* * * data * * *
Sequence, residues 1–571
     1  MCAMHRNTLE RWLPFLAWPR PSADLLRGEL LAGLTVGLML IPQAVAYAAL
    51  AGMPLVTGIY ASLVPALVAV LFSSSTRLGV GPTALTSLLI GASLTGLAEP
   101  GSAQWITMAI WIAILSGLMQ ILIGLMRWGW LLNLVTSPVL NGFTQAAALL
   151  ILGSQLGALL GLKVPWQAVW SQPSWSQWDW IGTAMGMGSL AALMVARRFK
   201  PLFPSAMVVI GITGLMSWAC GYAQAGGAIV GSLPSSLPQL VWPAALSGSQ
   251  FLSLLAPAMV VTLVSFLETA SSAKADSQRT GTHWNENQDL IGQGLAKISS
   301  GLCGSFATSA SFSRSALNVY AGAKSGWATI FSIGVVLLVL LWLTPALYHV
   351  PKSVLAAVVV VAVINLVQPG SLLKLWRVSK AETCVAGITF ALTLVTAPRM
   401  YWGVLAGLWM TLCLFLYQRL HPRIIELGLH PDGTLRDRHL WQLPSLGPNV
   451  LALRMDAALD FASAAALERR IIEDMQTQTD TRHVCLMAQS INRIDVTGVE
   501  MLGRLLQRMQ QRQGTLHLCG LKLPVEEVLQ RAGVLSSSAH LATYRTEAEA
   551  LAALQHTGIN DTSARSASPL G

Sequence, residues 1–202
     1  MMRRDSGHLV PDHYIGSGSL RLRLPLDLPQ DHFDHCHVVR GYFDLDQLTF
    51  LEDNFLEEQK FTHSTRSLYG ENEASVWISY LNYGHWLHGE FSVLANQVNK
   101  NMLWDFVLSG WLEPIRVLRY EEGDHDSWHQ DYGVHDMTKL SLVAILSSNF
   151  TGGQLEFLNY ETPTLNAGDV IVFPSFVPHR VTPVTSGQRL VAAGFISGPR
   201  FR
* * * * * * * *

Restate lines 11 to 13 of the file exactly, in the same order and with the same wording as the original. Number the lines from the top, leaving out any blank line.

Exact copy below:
   451  LALRMDAALD FASAAALERR IIEDMQTQTD TRHVCLMAQS INRIDVTGVE
   501  MLGRLLQRMQ QRQGTLHLCG LKLPVEEVLQ RAGVLSSSAH LATYRTEAEA
   551  LAALQHTGIN DTSARSASPL G